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Thread: Legalizing Drugs Won't Prevent Abuse

  1. -11
    rob19's Avatar
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    Again, the way the War on Drugs is sold to us is that it's for your own personal safety, so if we catch you on drugs... we're going to send you to jail...?

    They couldn't give a **** about our health, over 400,000 Americans die every year from cigarettes (5 million Global).
    More deaths are caused each year by tobacco use than by all deaths from human immunodeficiency virus (HIV), illegal drug use, alcohol use, motor vehicle injuries, suicides, and murders combined.
    More American people die from Advil every year (6,000), than do Heroin (2,000), and Cocaine (1,000). In fact, if you look at the list of illegal narcotics, you'll find the more dangerous drugs like, heroin, cocaine, & methamphetamine's, are schedule 2 narcotics, where much less harmful (even harmLESS) drugs like psilocybin, DMT, and Cannabis, are schedule 1 narcotics. Go ****ing figure.




    I don't know if you're familiar with DMT, but your brain produces it every night, and right before human death. It's produced by your pineal gland (aka, your "third eye"), located smack dab in the middle of your brain. It's responsible for human dreaming (if you didn't know); and yet, it too is more illegal than cocaine, meth, and heroin. Even though every human being uses it on a daily basis, and it's completely harmless.

    I think that part of the reason that some of these mind expaning drugs like psilocybin, ayahuasca, DMT, and cannabis are more illegal than their clearly more dangerous counterparts, is because they are the harbingers of a set of ideals & values which are counter productive to the Consumerist based American economy.

    I think another reason as to why it's illegal is because there are a lot of people in high places right now, enforcing the drug war, that might be out of a job if legalized. For instance, about 50% of the prison population is incarcerated on drug related charges (90% of those 50% are in there for USE related reasons, not distribution). So, if we have half as many prisoners, we might only need half as many prisons, and if we only have half as many prisons, we might only need half as many prison guards (sorry Goon), not to mention the DEA might not like to see that happen. Half the prisoners also means about half as much slave-labor.



    The Pharmaceutical industry doesn't want to see this happen, particularly with marijuana, as they stand to possibly lose billions to alternative medicines, and you can already see the impact on the Pharm's pocket in places like California, where medical marijuana is available. Alcohol and Tobacco companies sure as **** don't want to see this happen, and do you know how I know? They, drug companies, SPONSOR THE PARTNERSHIP FOR A DRUG FREE AMERICA. & all these companies employ lobbyists to further their agenda; buying policy, the American way.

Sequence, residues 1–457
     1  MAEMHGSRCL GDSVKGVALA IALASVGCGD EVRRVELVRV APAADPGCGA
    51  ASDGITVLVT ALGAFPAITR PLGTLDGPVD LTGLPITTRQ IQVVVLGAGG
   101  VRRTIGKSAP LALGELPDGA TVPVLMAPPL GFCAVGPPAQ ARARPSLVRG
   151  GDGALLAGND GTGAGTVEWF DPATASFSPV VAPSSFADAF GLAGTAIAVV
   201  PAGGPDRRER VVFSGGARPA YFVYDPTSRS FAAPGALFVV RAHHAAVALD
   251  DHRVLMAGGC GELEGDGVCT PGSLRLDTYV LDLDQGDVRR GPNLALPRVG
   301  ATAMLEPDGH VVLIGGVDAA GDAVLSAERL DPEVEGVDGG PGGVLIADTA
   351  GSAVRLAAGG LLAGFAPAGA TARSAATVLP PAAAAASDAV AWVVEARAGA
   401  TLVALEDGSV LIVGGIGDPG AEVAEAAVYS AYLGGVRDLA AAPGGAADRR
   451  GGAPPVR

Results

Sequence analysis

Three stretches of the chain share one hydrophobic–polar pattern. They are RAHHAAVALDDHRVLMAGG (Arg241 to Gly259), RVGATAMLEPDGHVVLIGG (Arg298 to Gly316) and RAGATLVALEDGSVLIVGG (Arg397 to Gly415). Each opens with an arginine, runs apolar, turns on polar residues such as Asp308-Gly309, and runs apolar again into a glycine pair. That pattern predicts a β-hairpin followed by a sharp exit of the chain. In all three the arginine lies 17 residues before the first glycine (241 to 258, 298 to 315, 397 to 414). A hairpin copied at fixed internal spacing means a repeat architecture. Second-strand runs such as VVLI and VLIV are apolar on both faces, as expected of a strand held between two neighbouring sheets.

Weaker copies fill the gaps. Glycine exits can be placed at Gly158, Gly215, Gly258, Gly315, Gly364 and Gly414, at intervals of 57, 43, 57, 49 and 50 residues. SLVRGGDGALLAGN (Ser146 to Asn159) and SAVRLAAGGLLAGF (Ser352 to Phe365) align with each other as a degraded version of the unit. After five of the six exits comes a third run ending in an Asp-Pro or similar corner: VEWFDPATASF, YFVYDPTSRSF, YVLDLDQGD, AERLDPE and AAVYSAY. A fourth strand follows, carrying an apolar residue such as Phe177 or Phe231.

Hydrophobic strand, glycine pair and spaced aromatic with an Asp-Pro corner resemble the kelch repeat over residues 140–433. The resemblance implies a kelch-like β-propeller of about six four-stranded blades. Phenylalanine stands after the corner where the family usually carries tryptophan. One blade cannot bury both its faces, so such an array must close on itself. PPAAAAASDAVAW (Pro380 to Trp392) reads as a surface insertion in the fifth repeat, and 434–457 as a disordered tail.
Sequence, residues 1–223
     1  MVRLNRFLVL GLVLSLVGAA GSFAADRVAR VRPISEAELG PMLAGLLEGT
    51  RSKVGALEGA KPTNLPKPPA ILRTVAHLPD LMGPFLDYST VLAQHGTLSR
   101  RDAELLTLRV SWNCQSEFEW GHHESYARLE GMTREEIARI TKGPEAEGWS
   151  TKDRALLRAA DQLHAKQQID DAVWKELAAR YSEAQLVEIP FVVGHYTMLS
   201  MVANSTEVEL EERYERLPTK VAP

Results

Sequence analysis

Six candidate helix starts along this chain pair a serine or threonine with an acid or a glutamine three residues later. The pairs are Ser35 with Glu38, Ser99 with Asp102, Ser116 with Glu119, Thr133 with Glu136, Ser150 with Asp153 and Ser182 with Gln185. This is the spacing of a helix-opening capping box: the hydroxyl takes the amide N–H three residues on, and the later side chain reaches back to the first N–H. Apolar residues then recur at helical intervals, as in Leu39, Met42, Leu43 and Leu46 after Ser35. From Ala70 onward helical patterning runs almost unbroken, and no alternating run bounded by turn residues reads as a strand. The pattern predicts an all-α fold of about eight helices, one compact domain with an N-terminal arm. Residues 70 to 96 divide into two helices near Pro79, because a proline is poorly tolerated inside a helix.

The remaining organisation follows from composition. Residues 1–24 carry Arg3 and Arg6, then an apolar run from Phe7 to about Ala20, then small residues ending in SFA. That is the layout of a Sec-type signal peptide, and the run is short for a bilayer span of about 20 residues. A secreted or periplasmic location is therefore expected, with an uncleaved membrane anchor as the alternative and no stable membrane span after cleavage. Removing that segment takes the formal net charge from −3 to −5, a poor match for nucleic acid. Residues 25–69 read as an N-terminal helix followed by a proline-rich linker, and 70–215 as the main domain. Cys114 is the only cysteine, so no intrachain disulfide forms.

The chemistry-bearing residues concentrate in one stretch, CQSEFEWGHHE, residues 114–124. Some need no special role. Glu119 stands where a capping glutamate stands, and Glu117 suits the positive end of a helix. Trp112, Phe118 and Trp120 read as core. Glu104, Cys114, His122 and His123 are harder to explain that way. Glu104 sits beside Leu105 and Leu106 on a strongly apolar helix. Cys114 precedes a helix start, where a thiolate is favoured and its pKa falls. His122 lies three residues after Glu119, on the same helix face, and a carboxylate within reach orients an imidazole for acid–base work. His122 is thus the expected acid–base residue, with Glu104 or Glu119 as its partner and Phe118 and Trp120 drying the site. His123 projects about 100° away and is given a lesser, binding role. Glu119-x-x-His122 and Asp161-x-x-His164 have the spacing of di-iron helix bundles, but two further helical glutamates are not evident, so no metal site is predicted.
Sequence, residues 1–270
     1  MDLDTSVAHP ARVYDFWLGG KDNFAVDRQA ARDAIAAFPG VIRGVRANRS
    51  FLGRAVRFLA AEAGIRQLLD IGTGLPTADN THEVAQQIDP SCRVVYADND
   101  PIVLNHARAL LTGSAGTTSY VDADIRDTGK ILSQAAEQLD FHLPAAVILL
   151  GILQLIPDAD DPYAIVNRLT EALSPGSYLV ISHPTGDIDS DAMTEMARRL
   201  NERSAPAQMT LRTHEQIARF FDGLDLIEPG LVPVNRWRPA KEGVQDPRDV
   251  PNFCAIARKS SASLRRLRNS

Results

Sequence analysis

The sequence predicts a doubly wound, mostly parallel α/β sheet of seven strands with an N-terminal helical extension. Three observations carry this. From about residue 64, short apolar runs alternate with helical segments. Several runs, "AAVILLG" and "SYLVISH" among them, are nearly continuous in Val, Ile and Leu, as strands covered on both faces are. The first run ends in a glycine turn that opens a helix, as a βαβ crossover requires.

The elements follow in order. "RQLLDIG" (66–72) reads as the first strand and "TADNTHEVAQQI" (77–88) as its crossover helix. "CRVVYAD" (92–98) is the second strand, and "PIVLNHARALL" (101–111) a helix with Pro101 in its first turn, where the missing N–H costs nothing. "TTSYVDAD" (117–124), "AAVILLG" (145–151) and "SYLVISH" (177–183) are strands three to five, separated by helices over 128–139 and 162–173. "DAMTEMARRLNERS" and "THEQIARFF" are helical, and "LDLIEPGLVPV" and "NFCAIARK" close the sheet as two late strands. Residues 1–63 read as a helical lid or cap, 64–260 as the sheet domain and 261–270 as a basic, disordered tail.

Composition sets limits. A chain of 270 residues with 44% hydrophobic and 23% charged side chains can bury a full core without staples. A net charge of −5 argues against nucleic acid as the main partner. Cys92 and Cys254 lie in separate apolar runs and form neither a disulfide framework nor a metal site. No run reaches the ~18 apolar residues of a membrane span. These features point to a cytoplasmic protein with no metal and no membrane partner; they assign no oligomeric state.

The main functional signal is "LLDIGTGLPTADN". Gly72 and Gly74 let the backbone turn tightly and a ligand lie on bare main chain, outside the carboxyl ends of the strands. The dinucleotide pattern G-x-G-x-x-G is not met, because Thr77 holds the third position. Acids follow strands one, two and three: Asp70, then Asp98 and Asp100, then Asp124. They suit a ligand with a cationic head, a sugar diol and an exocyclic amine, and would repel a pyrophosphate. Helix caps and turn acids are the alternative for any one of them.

And, this is the great part, I haven't even talked about the economic sense it makes to legalize all drugs.

    Jeffery Miron, a Harvard Economics Professor writes;
    In our recent study, just released by the Cato Institute, we estimate the impact of legalization on federal, state, and local budgets. The report concludes that drug legalization would reduce government expenditure about $41.3 billion annually. Roughly $25.7 billion of this savings would accrue to state and local governments, and roughly $15.6 billion to the federal government. About $8.7 billion of the savings would result from legalization of marijuana, $20 billion from legalization of cocaine and heroin, and $12.6 billion from legalization of all other drugs.


    Legalization would also generate tax revenue of roughly $46.7 billion annually if drugs were taxed at rates comparable to those on alcohol and tobacco. About $8.7 billion of this revenue would result from legalization of marijuana, $32.6 billion from legalization of cocaine and heroin, and $5.5 billion from legalization of all other drugs.
    http://www.cato.org/pub_display.php?pub_id=12192

    Not economically related, but he also writes
    Over the past two years, drug violence in Mexico has become a fixture of the daily news. Some of this violence pits drug cartels against one another; some involves confrontations between law enforcement and traffickers.

    Recent estimates suggest thousands have lost their lives in this "war on drugs."

    The U.S. and Mexican responses to this violence have been predictable: more troops and police, greater border controls and expanded enforcement of every kind. Escalation is the wrong response, however; drug prohibition is the cause of the violence.
    http://articles.cnn.com/2009-03-24/p..._s=PM:POLITICS


    I think I'm just gonna save this to a word document so I don't have to keep retyping this.

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  2. -12
    LouPhinFan's Avatar
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    How many Americans take Advil? How many use heroin? Cocaine?

    If 100 million Americans take Advil on a semi-regular basis with 6000 deaths, how does that compare to say if there are 3.5 million heroin users in the US with 2000 deaths? That arguement is flawed on so many levels, you should just leave that on the cutting room floor when you make your Word document.